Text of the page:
Advertising typography

Top Tips On Outdoor Advertising Typography

In the age of multi-channel advertising, choosing the right typography for your outdoor advertising can be tricky. A typeface that works for huge, static outdoor billboards won’t necessarily work on an outdoor digital screen. To help you navigate the font minefield, here are some top outdoor advertising typography tips.

First and foremost, it doesn’t matter which channel it’s for, your typeface needs to be legible from a distance.

No matter how compelling your campaign, if those viewing your content can’t read it, they will walk on by without giving it a second look. 

So, you need to make sure it’s clear for people to read and understand at a single glance because you have just 3 – 6 seconds to make your content count.

The four most important factors to consider for effective outdoor advertising typography are:

  • Font
  • Size
  • Spacing and alignment
  • Colour

Digital Outdoor Advertising Typography

Different styles of typography on digital outdoor advertising site Piccadilly Circus

Fonts for digital outdoor advertising content 

According to research by Rise Vision, Sans-Serif fonts tend to work best for content on outdoor digital displays as they are the easiest to read at a glance. In particular, Rise Vision’s research recommends Helvetica, Arial, Verdana and Open Sans.

Kelly Eisel of Industry Weapon states that Sans-Serif typefaces are commonly used for headlines on digital signage content with Arial (28 percent), Helvetica (20 percent) and Verdana (8 percent) the most popular.

If you’re running multiple slides on an outdoor digital display, Eisel recommends limiting text to three different typefaces and styles, per slide. 

This means that the body text should all be one font size, while the headline can be a different font and size, provided it’s readable.

Font size for outdoor digital display content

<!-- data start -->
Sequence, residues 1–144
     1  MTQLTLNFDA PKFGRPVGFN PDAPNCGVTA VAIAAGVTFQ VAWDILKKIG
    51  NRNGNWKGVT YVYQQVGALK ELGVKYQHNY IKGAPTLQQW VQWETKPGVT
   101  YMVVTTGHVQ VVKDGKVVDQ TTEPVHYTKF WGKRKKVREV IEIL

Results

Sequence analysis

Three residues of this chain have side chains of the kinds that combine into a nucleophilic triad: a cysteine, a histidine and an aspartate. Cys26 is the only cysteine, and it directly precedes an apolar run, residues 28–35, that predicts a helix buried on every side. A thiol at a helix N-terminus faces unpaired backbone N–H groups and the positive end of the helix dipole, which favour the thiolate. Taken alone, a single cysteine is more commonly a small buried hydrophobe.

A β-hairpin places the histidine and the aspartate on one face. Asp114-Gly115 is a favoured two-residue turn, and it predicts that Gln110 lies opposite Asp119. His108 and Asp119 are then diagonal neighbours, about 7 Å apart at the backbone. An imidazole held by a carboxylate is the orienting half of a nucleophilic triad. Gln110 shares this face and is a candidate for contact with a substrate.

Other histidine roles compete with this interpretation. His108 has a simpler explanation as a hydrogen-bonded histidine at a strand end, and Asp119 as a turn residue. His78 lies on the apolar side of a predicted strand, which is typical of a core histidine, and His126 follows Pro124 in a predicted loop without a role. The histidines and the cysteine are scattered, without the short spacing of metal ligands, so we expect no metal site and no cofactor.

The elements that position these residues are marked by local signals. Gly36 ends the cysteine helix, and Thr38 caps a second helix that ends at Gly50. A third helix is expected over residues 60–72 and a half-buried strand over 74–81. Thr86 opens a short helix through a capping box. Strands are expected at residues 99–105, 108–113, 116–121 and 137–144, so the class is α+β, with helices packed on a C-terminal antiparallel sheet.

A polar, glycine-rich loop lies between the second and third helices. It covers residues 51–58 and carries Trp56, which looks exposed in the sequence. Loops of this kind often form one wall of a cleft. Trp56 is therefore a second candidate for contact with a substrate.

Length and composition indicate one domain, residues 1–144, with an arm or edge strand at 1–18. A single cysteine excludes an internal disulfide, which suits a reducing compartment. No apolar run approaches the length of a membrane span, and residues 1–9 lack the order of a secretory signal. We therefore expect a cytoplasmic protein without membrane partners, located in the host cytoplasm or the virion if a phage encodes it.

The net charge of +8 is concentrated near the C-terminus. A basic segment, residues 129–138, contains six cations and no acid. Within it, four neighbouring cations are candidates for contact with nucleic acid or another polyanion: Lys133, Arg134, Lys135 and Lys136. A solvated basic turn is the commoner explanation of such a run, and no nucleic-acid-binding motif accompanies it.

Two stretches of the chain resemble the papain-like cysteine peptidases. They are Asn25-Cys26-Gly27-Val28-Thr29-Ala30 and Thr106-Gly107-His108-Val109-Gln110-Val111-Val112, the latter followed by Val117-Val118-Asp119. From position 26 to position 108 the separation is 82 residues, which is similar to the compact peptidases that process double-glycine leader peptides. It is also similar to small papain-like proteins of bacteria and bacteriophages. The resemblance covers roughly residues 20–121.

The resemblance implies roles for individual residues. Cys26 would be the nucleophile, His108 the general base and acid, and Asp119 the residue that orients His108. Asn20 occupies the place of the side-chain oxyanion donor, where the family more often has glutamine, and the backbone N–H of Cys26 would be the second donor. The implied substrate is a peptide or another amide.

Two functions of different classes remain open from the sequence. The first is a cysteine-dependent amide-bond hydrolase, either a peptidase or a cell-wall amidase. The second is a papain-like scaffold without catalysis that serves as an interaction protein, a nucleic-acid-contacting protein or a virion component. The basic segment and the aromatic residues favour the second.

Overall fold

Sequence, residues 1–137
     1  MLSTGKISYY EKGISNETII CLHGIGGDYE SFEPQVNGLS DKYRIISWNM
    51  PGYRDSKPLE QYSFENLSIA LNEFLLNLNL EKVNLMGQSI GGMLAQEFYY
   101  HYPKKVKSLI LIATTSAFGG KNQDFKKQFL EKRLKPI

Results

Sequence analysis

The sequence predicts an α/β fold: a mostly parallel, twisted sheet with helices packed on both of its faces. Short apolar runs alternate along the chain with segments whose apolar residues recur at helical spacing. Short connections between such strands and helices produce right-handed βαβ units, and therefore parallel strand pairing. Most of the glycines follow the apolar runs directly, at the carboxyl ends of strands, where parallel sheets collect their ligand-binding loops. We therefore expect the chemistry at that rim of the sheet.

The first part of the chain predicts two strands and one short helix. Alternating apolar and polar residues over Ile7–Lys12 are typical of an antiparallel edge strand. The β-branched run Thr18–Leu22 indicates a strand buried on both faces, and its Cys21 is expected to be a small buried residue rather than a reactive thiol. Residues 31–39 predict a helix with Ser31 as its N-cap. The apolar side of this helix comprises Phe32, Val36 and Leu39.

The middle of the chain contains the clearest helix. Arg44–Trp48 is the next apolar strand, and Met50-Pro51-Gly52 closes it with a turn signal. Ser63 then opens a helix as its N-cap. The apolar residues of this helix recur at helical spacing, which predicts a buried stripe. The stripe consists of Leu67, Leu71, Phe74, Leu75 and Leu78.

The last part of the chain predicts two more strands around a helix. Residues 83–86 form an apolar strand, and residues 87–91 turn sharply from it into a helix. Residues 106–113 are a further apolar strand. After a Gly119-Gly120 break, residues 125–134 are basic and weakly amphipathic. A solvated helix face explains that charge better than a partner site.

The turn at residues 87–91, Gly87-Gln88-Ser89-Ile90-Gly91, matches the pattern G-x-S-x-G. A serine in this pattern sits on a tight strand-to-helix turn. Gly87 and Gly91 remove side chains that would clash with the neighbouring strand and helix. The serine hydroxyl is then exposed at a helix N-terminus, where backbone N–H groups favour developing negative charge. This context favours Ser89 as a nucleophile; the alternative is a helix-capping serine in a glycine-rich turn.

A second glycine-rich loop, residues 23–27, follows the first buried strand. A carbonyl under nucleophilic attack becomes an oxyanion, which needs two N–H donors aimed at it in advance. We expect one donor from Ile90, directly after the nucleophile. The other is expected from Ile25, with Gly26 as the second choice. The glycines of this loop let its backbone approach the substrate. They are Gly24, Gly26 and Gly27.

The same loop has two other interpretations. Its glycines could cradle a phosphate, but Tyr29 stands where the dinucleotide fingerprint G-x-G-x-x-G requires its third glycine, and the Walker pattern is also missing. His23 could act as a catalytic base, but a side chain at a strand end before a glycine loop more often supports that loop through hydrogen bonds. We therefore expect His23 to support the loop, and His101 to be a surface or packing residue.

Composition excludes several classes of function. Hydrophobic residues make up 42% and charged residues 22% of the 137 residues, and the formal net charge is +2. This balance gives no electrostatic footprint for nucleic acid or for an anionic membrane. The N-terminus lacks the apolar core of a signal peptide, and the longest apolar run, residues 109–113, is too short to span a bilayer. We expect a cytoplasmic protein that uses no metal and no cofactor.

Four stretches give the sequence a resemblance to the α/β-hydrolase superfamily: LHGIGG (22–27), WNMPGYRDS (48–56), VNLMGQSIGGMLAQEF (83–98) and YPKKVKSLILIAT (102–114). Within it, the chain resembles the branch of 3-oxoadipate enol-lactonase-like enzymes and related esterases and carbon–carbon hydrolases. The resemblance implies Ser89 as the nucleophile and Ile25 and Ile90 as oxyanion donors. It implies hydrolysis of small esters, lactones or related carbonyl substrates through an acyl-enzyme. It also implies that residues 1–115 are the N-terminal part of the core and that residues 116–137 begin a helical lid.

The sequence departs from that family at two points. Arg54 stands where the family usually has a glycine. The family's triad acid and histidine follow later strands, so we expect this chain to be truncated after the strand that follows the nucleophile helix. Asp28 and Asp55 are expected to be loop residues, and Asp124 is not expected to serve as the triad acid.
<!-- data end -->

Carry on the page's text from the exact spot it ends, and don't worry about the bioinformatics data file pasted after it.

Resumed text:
Industry experts, including Bubble Outdoor, will say bigger is better for digital outdoor advertising content. 

A larger font will allow people to read you content from a distance, engaging them at an earlier point as they approach the digital display. 

Big fonts will also take up more space on the display, minimising the amount of text you use, while increasing the impact of your message. 

Use short, punchy lines in big font sizes, rather than a long body of text in small print.

Digital signage messages below 250 characters boost engagement rates to 60 percent, according to Buffer.

Easy to read typography on outdoor advertising

Spacing and aligning your digital outdoor advertising content

Cramming your text to one side or near the top will make your content look unprofessional. Text should never touch the outer perimeter of a digital display or any images.

Be sure to space out your lines of text inside of a mental margin, while keeping the lines aligned.

Space between your headlines and body copy should be the distance of one line of copy. You should add more space between the end of your body copy and the next headline – if you use one.

Font colours for on screen content 

The background colour will determine the best font colour for your digital signage content. On dark backgrounds, white is a great font colour and will really help your text pop off the screen.

On lighter backgrounds a warm, yet darker colour, will provide a vivid contrast provided you get the combination right.

Static Outdoor Advertising

Clear and simple typography from Carlsberg

Fonts for static outdoor advertising

Keeping legibility in mind, fonts for static outdoor advertising should be readable from distances greater than 1,000 feet. 

Thin or fancy script fonts are hard to read and almost invisible from big distances or at medium to high speed. 

You should always have in mind a ‘drive-by-viewing sort of response’ – your message should be readable for pedestrians and motorists alike.

Good font choices for static outdoor advertising include:

Serif… because of their curled features at the end of letters and numbers, it’s easier for the eye to make the transition from one letter to the next. 

The most popular are Times New Roman, Garamond, Georgia and Baskerville.